Pete and the girls are away this weekend. They went camping for the night. It was a chance for Pete to have some time alone with the girls. Lucky for me really, I’ve never really been camping but I can imagine what it’s like.
You spend what seems like forever packing and unpacking the car just so you can fit those blinking scooters in.
When you finally leave its already nearly lunch time and the beautiful deli sandwiches you made are beckoning, only they’re in the chilli bin which was the first thing you packed in the car.
You arrive at the camping ground. Let the adventure begin. The kids have fun trying to find the tent site.
“There it is Dad, and what’s that big building next to it?”
“That’s the ablution block sweet heart.”
The car gets unpacked and everyone enjoys the deli sandwiches.
The next two hours are spent putting up the tent that the guy at the camping store said would be so easy a pre-schooler could do it. Maybe the only pre-schoolers he knows have special powers.
Cyril in the tent next door with the huge beer gut, no neck and towelling hat calls out, “ When you and the missus have finished wrestling with that come over and I’ll shout you one of my home brews.”
With the tent finally up you can start to relax, nature calls. At least you don’t have far to go to take care of that!
“Darling, where did you put the toilet paper when you packed it?”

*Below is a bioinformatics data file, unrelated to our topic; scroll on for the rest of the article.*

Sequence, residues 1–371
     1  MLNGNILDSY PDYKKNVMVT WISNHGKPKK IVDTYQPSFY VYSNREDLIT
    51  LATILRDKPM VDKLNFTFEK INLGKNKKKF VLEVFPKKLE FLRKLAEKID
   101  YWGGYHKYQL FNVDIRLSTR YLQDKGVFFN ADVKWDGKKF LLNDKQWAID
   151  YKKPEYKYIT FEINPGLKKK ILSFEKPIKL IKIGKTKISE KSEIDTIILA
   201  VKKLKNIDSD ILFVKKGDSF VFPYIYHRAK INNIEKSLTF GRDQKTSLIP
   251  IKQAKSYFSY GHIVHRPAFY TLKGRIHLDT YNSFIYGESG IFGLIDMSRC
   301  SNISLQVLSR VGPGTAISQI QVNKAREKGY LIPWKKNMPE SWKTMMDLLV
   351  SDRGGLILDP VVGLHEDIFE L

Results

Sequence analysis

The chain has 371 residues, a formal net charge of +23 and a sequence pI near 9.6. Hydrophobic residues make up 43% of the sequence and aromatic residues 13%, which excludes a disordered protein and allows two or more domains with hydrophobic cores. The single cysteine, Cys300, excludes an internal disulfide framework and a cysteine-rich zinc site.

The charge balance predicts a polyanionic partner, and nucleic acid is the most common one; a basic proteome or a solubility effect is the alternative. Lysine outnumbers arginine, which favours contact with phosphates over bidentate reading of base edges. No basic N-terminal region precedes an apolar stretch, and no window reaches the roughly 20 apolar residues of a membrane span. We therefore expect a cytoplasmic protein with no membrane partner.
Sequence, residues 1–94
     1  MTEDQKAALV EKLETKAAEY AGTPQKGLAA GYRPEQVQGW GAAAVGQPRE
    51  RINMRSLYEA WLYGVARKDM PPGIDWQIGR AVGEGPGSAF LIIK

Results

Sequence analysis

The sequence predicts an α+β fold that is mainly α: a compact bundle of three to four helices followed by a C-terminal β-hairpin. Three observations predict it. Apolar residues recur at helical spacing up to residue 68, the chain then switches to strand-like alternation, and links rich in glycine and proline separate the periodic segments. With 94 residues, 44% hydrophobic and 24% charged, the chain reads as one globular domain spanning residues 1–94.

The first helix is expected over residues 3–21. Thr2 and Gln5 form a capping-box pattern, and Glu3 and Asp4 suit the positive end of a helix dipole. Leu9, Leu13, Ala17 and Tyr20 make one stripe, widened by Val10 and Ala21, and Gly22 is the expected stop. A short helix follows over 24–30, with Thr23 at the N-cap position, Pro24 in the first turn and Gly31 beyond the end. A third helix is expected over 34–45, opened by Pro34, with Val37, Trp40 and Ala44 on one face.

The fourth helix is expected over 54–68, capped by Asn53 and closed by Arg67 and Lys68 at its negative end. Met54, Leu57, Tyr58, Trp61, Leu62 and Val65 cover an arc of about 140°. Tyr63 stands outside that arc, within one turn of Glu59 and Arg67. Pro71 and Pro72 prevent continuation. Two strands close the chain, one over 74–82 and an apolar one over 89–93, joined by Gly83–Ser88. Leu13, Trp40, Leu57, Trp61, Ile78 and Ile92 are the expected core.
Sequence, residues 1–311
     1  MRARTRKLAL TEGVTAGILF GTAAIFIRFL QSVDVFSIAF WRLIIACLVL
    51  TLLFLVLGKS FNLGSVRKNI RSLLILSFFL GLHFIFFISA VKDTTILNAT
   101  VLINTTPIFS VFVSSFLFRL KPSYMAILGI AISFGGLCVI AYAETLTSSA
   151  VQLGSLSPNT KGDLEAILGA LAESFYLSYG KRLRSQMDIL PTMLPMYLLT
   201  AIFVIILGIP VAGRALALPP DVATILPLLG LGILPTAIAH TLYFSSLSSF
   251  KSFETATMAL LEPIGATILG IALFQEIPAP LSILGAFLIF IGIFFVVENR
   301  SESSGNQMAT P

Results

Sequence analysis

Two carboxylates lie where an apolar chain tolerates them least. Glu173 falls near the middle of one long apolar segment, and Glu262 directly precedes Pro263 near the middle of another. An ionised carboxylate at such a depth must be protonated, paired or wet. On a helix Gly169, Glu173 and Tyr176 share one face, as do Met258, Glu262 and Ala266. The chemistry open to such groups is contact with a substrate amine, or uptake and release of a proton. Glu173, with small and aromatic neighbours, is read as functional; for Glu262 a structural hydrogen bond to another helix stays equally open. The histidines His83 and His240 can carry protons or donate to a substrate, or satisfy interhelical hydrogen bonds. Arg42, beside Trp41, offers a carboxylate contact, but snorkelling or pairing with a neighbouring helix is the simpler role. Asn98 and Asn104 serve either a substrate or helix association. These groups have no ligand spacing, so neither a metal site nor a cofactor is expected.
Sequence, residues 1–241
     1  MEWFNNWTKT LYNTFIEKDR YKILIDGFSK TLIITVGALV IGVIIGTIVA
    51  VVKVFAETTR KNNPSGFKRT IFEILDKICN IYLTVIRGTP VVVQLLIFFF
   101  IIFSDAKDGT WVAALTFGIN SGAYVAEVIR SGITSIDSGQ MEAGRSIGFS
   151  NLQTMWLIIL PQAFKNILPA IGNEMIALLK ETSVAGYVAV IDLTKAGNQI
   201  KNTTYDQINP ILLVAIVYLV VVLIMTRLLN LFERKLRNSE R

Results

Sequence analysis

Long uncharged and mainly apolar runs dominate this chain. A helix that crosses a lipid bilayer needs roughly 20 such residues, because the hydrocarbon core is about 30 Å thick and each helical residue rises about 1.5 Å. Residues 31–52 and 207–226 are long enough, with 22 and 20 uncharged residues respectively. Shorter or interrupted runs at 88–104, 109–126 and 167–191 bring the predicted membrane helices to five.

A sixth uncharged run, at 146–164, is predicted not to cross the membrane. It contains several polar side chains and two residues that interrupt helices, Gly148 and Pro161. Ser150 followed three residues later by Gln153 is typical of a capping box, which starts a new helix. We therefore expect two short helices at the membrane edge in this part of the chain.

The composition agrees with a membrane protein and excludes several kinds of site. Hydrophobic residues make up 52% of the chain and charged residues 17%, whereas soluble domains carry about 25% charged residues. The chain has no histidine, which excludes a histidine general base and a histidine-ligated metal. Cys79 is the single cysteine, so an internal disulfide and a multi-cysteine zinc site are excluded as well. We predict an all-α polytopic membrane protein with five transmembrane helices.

“I thought you packed it dear.”
Finally it’s time to go to bed. You snuggle inside your sleeping bag and wait to be lulled off to sleep by the call of a far off owl and the waves on the beach.
“What on earth is that constant banging noise.” You ask.
“I think the rubbish bins are just on the other side of the ablution block.”
Finally, in the early hours of the morning you fall asleep, not lulled by the sound of the waves but by the sound of Cyril’s chainsaw like snoring in the tent next door and the constant flush of the loos as it seems half the camping ground have bladders the size of a twenty cent piece.
You wake to the sound of hungry babies crying, kids screaming up and down the paths on their skates, the crows fighting over the food scraps around the bins. To quote Darryl Kerrigan ‘How’s the serenity? So much serenity.’
Sand, sand, sand. It seems every grain of sand off the beach has made its way into your tent.
Despite the sand the day passes lazily as you settle into camp life. The kids are gone all day playing and having fun with other kids in the grounds. You read, eat, laugh with the neighbours and start to relax.
That night, the second night in your tent, the sounds from the ablution block and bins seem to fade a little into the background. You can hear the waves and the soft noises of the kids sleeping peacefully in the next room, exhausted from their day of fun. You look forward to another day where the demands of your time are minimalized and you can laze around without feeling guilty.
It’s time to go; you take down the tent and laugh at the hilarity of getting trapped under the canvas.
You pack the car which takes no time at all with plenty of room for the scooters which you realise smiling; remain unused, along with half the other child paraphernalia you took. Home you head to routine, quite nights and no sand.
Maybe next time Pete takes the girls camping I’ll go too.